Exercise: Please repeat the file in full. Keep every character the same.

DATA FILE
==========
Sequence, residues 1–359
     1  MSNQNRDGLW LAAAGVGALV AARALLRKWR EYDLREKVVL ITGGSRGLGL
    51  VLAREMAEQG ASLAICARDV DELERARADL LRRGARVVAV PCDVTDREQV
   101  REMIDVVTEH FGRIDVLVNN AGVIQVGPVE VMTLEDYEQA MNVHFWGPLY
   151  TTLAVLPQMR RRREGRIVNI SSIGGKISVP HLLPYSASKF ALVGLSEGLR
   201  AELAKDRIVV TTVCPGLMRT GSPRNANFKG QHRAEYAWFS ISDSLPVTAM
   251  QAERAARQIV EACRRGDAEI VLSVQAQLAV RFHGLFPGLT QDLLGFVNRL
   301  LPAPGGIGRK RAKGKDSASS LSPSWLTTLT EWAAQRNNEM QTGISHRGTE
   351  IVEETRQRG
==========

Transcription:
Sequence, residues 1–359
     1  MSNQNRDGLW LAAAGVGALV AARALLRKWR EYDLREKVVL ITGGSRGLGL
    51  VLAREMAEQG ASLAICARDV DELERARADL LRRGARVVAV PCDVTDREQV
   101  REMIDVVTEH FGRIDVLVNN AGVIQVGPVE VMTLEDYEQA MNVHFWGPLY
   151  TTLAVLPQMR RRREGRIVNI SSIGGKISVP HLLPYSASKF ALVGLSEGLR
   201  AELAKDRIVV TTVCPGLMRT GSPRNANFKG QHRAEYAWFS ISDSLPVTAM
   251  QAERAARQIV EACRRGDAEI VLSVQAQLAV RFHGLFPGLT QDLLGFVNRL
   301  LPAPGGIGRK RAKGKDSASS LSPSWLTTLT EWAAQRNNEM QTGISHRGTE
   351  IVEETRQRG